Woman Who Walked Over Yellowstone Geyser Sentenced to Jail

Woman Who Walked Over Yellowstone Geyser Sentenced to Jail

A 26-year-old Connecticut woman faces a week in jail and more than $2,000 in fines after walking off-trail and onto thermal ground at Yellowstone National Park.   

While the sentence handed down to Madeline S. Casey of New Hartford may seem harsh, Acting US Attorney Bob Murray said, ‘it’s better than spending time in a hospital’s burn unit.’

Casey and another hiker stepped off the boardwalk near the Norris Geyser Basin on July 22, according to the Wyoming U.S. Attorney’s Office, and walked toward a thermal pool.

‘It does suck, but I’m not going to comment now,’ Casey said to MailOnline. She was sentenced August 18.

 ‘For those who lack [the] ability to appreciate the dangerousness of… unstable ground, boiling water, and scalding mud, the National Park Service does a darn good job of warning them to stay on the boardwalk and trail in thermal areas, said Murray. 

‘Yet there will always be those like Ms. Casey who don’t get it.’

Madeline S. Casey of New Hartford (pictured), 26, faces a week in jail and more than $2,000 in fines after walking off-trail on thermal ground at Yellowstone National Park 

‘Yet there will always be those like Ms. Casey who don’t get it,’ said US Attorney Bob Murray in a press release. ‘Although a criminal prosecution and jailtime may seem harsh, it’s better than spending time in a hospital’s burn unit.’

Casey was caught traversing the unstable, off-limits thermal ground by other parkgoers, who showed cellphone footage to rangers

Casey has until the end of January to serve her jail time and make the community service payment. She has until December 2022 to pay the fine, said Mark Trimble, spokesperson for the U.S. Attorney’s Office in Wyoming.

The Norris Geyser Basin is one of the largest thermal areas in Yellowstone, according to the park service, as well as the hottest. Nearly all of the areas over 1,000 thermal features are above boiling point, which is 199 degrees at the site’s elevation.

Public Relations Contractor Lori Hogan with the Wyoming U.S. Attorney’s office told MailOnline that other parkgoers captured Casey traversing the prohibited area near Cistern Spring their cellphones, then showed their footage to park rangers.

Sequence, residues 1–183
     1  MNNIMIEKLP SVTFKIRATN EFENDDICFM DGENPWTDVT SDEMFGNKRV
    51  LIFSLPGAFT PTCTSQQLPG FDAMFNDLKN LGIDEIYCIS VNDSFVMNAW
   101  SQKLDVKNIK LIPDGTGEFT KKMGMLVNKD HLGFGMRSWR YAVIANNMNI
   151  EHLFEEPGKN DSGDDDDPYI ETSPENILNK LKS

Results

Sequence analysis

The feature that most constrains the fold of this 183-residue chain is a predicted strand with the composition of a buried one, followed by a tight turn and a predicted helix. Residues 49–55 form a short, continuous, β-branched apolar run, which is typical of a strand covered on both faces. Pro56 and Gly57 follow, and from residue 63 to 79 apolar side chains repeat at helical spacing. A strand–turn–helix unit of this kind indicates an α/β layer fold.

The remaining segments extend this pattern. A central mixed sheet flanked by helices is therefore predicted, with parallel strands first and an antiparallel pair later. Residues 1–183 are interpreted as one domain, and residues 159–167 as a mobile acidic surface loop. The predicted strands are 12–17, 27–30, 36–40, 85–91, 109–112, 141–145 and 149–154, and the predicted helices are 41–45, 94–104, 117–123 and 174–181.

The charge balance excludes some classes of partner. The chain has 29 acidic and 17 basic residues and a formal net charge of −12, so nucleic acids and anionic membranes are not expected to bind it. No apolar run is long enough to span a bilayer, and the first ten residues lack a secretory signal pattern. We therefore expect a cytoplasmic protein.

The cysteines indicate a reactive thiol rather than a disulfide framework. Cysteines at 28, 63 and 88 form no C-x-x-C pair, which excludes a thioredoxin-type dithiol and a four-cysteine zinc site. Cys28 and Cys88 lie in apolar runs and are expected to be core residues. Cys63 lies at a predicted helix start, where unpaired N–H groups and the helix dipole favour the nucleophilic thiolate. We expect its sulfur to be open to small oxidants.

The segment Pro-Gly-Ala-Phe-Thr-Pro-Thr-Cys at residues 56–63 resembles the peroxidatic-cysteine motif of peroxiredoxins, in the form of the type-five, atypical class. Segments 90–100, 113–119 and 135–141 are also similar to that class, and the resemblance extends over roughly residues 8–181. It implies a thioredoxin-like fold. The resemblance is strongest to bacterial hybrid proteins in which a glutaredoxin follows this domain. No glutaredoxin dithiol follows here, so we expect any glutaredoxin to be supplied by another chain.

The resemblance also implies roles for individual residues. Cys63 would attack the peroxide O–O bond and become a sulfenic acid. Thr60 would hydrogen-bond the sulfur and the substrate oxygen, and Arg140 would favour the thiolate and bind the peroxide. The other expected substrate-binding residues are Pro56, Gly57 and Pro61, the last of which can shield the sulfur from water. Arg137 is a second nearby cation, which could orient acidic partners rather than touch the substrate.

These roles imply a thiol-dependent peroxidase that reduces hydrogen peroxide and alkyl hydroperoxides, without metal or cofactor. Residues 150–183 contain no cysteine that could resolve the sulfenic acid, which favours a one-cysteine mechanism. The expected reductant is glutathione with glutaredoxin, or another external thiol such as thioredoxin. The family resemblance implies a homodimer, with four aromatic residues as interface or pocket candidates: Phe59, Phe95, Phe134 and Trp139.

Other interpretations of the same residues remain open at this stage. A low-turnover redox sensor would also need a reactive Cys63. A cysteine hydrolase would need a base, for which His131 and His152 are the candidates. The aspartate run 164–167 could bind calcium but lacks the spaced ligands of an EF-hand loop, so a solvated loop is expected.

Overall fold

The trio were detained at Yellowstone, she said; her two companions were not charged by police. Casey was charged with the class 6 misdemeanor of walking off-trail in a thermal area. 

According to Casey’s citation, obtained from the Wyoming U.S. Attorney’s office, she was accompanied by a man without shoes or a shirt when she tread on the prohibited area, and the third person was ‘encouraging [Casey and the man] to trespass.’

When police approached the group, the citation said, two of the three were drinking White Claws. 

 ‘It is unusual that, in this particular case, she was jailed for 7 days,’ said Hogan.

 ‘[But] it is very dangerous to walk off-trail – the ground is very fragile in thermal areas. 

‘It looks like solid ground, but sometimes it’s a very thin layer over scalding water.’

‘For those who lack [the] ability to appreciate the dangerousness of… unstable ground, boiling water, and scalding mud, the National Park Service does a darn good job of warning them to stay on the boardwalk and trail in thermal areas, said Murray. 

Madeline S. Casey of New Hartford (pictured), 26, faces a week in jail and more than $2,000 in fines after walking off-trail on thermal ground at Yellowstone National Park

In 2016, the body of 23-year-old Colin Scott (pictured) dissolved in boiling, acidic waters at the Norris Geyser Basin after he and his sister diverted from the boardwalk and he slipped while checking the temperature of a hot spring he hoped to soak, or ‘hot pot’ in.